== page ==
____ 5B. GPU OPT'L 2X SLI) PNY VCQK5000-PB NVIDIA Quadro K5000 4GB256-bit PCI Express 2.0 x 16 HDCP Ready Workstation video card > $3,400 ($1,700 each) (The K5000 is an amazing performer and a pair in SLI offering 2X GPU's, 8GB, and 3,070 CUDA cores may be as useful a solution as the K6000 for $1,600 less, with the advantage of being able to add the second one later.)

6. OS/APPL.N DRIVE > SAMSUNG 840 Pro Series MZ-7PD512BW 2.5" 512GB SATA III MLC Internal Solid State Drive (SSD) > $520

7. STORAGE DRIVES > (3) Western Digital WD Black WD2002FAEX 2TB 7200 RPM 64MB Cache SATA 6.0Gb/s 3.5" Internal Hard Drive - OEM $480 ($160 each) (RAID 1+0) (Active files, backup, system image)

8. PSU> SeaSonic X-1250 1250W ATX12V / EPS12V SLI Ready 80 PLUS GOLD Certified Full Modular Active PFC Power Supply > $254.99

9. CASE> Case Labs Mercury S5 Case Aluminum E-ATX Full Tower Computer Case about $500 (These are modular and price varies according to options. The base price is $260 and the $500 budget includes a generous amount for drive bays ("Flex Bay"), fan/ radiators, various ventilated panels, cables, wheels, USB, Firewire ports, and misc. supplies)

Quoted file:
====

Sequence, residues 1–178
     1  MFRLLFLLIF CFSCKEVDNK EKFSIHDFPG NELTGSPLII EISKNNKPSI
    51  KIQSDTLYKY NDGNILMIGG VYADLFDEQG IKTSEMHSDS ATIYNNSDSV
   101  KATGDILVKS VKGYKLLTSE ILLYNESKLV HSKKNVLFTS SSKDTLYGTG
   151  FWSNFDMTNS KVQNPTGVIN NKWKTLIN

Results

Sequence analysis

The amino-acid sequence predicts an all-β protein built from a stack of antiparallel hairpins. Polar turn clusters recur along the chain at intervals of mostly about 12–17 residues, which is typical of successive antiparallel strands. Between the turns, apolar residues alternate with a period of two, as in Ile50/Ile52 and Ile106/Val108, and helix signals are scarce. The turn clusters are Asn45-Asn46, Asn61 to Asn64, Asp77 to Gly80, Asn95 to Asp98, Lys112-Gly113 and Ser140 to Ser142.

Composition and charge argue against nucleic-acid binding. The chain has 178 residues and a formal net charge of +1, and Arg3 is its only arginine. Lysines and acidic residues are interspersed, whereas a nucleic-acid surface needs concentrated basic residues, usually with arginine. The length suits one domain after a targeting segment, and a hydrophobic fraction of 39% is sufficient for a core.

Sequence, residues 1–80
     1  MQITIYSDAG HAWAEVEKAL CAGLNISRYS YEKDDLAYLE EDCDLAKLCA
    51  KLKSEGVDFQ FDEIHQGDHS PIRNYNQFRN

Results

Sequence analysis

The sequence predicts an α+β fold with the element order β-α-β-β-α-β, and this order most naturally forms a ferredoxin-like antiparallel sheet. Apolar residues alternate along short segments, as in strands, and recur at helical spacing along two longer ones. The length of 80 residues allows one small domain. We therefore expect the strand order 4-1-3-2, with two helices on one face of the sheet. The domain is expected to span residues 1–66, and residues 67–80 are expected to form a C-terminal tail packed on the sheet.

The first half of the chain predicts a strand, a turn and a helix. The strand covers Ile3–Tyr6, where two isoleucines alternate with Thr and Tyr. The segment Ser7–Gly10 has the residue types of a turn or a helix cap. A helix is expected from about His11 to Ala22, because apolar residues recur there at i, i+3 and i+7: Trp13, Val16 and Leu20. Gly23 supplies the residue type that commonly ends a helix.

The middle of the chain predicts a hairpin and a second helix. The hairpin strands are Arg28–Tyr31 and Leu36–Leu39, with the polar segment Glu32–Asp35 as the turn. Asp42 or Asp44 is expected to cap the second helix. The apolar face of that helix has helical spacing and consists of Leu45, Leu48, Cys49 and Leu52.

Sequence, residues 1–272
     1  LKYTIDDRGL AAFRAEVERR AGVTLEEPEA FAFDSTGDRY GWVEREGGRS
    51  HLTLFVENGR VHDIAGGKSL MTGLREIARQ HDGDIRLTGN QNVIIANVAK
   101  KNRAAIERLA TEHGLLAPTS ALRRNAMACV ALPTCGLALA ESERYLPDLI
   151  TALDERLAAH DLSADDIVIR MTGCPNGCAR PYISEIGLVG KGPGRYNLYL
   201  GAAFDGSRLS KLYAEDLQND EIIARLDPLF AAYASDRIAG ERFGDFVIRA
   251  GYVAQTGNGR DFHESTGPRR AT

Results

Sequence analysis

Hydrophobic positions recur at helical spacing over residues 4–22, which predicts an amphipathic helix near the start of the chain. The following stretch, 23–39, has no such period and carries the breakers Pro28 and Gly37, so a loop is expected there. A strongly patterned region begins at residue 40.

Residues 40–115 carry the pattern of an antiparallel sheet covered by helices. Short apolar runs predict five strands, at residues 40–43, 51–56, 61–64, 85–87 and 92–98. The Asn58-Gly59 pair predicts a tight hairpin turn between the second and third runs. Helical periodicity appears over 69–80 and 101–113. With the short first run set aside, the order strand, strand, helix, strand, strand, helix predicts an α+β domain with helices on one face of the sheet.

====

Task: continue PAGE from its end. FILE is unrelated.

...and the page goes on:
10. OPTICAL DRIVE> ASUS Black 16X BD-R 2X BD-RE 16X DVD+R 5X DVD-RAM 12X BD-ROM SATA Blu-ray Burner BW-16D1HT > $110.

11. FAN CONTROL> NZXT Sentry-2 5.25" Touch Screen Fan Controller > $28.

_______________________________

TOTAL = $9,676 with Quadro 6000, $10,776 with 2X Quadro K5000, or $12,376 with Quadro K6000

Refinements >

1. As noted, the CPU and Case cooling should be more carefully considered and configured to suit the case. Also, the cooling-related noise is important.

2. The Case Labs case has many, many possibilities and details of the Case should be considered in consideration of features, ventilation, and noise potential. This case is sort of double sided and there is a compartment perfect for a custom liquid cooling system. There are other Case Labs series even more suited for this. See >

http://www.caselabs-store.com/